Moreover, the results showed that education has a significant influence on the scores of physical health, life quality, bodily pain, and general health subscales. The post hoc test of Tukey showed that participants with university degrees had higher levels of life quality. A significant relationship was also observed between marital status and all dimensions of quality of life (P ≤ 0.05). The post hoc Tukey test showed that married participants had a better life quality in all dimensions.
One-way ANOVA also showed a significant relationship between income and all subscales of life quality (P ≤ 0.05). A significant relationship was also observed between the housing status and all subscales of life quality except physical functioning (P = 0.18). The mean score of role limitation due to physical health and role limitation due to emotional functioning were observed to be 0.65 and 0.099, respectively.
The multivariate analysis of the relationships of socioeconomic status, age, gender, duration of drug abuse with quality of life showed that in the final model, significant relationships exist between quality of life and gender and socioeconomic status. The results indicated that addicted women had a lower quality of life than men and people with higher socioeconomic status have higher quality of life (B= 0.18) (Table 3).
|Variables||Coefficient||Standardized Coefficients||SE||P Value||95% CI|
|Gender||−7.96||-0.11||2.4||0.001||−12.86 - 3.25|
|SES||4.09||0.18||1.1||< 0.001||2.03 - 6.15|
|Cons||76.17||4.4||29.4||< 0.001||71.08 - 81.026|
|Variance (quality of life)||281.20||-||12.9||-||256.92 - 307.79|
In this study, 94.5% of the participants were men, which is consistent with the higher number of men in other studies (17, 18). Perhaps one of the reasons for the higher number of men is the higher prevalence of addiction among men, as well as the fewer referring of women to self-introduction centers. In our study, a significant relationship was observed between quality of life and occupation so that employed participants showed higher levels of life quality which is in line with the findings of Hojjati and colleagues (29). In a cross-sectional study, 3005 addicted person were reviewed to assess the demographic characteristic, prototype of drug consumption, and its relation with some personal and social variation in Gorgan (northeast, Iran); 61.7% of the subjects were either unemployed or without any real job (18). Unemployment and the financial problems which result from the addicts’ lack of role in the family and society reduce the quality of life in the addicts.
The result of our study showed a significant relationship between education and quality of life which is consistent with the findings of Timareh and colleagues on diabetes patients (30). Perhaps lower levels of education and fewer learning opportunities and facilities predispose people more toward substance abuse and as a result higher prevalence of addiction among them.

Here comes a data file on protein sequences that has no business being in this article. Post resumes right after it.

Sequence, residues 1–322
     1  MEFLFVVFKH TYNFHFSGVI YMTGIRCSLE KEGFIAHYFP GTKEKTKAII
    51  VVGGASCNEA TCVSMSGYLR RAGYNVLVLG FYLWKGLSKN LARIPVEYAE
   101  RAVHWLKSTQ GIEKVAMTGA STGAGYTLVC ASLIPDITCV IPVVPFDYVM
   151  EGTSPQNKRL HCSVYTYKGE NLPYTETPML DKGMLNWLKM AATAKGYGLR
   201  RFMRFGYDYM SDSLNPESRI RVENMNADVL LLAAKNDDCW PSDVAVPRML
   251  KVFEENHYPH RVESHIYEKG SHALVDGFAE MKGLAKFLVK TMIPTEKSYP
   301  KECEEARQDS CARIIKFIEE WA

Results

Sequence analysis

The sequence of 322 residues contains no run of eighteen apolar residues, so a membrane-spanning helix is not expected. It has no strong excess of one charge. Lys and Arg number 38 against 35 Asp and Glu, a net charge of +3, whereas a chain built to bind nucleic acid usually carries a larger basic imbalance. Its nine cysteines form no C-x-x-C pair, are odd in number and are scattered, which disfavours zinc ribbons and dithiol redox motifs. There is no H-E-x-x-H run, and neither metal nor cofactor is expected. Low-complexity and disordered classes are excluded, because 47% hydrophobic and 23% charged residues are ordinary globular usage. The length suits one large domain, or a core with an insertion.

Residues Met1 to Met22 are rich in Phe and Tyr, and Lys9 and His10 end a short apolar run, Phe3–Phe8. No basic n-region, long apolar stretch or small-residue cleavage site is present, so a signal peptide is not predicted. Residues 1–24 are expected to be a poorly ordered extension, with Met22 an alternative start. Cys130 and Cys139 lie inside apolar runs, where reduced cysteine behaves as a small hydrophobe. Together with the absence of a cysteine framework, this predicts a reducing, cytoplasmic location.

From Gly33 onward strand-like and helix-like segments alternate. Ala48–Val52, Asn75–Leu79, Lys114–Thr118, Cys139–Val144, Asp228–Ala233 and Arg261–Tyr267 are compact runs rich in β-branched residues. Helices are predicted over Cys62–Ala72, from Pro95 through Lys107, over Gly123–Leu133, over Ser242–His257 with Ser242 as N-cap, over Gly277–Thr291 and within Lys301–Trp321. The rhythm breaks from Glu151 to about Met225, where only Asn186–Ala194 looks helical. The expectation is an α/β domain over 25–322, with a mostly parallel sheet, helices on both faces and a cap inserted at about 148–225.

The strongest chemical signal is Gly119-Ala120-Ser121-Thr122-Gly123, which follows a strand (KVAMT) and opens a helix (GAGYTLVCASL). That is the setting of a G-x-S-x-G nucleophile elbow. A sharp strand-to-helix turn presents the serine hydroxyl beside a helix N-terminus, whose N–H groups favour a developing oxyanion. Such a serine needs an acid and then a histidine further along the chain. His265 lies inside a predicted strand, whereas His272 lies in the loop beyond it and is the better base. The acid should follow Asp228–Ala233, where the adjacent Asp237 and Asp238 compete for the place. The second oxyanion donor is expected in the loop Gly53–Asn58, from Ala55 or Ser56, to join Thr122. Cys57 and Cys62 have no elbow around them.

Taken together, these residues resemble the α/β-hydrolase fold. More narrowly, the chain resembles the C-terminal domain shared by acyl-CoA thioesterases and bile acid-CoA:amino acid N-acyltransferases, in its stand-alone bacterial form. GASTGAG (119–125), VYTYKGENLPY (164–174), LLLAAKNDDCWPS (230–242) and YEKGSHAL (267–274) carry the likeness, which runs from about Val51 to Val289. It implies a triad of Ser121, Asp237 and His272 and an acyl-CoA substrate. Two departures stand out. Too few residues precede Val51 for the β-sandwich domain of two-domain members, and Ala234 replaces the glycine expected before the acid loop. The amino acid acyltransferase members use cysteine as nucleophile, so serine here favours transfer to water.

The mean score of quality of life of addicts was 67.8. A significant relationship was also observed between gender and quality of life which is consistent with the results of a study by Gonzales et al. (27). The higher level of quality of life for men in the present study is also in accord with the findings of Hojjati and colleagues (29).
The quality of life score in the addicts who referred to methadone maintenance treatment centers was more than 50% which is in line with the study by Hojjati and colleagues (29). Some studies indicate a lower level of quality of life for addicts in comparison to that of normal people (12, 15, 16, 20-22, 29) and some other studies showed the positive effect of methadone and buprenorphine maintenance treatment on the improvement of health related quality of life of addicts after they refer to treatment centers (14, 19, 23-26). In a descriptive study which has been done in a cohort and longitudinal manner during 3 months (from the beginning and 3 months after entrance) the quality of life of 33 addicts has been assessed. The result of this study showed that detoxification has been effective in improving their quality of life (31). Hoseinifar et al. (32) compared the quality of life and mental health between addicts and non-addicts. They showed that addicts live in the worst condition and need strong support and their quality of life was lower than of non addicts. The present results indicate that people who are under treatment in these centers have higher scores, which is in line with another study done in Shahroud on the quality of life of non addicts (33). Perhaps one reason for the lack of difference between the quality of life of addicts and non-addicts is the effect of maintenance treatment. Karow et al, in a longitudinal investigation of health-related quality of life in patients with severe opioid dependence, showed that health-related quality of life (HRQOL) is associated with a successful treatment in opioid addiction (1).
About 64.7% of participants were city-dwellers and the rest were villagers. A significant relationship was observed between quality of life and place of residence so that those living in village showed a lower score in all aspect of life quality.
One limitation of this study was the dearth of relevant studies which could help discuss and compare our findings. Moreover due to cultural issues, women do not tend to refer to treatment centers, so fewer numbers of women were studied. Also, we recommend evaluation of the participants before and after maintenance treatments, so we could have a better assessment of addicts’ QOL.
Although in most studies, the quality of life of drug dependent people was reported to be low, participants in this study showed a higher level of life quality and since all participants were receiving methadone or buprenorphine treatment, it seems that MMT centers could improve the quality of life of the addicts. Therefore, expanding such centers can play a significant role in improving the quality of life of the addicts.
The results of the study also suggest that more service should be provided to people with lower socioeconomic status. Moreover, establishing treatment centers for women can encourage more voluntary reference to these centers by women and accordingly would lead to the improvement of their quality of life.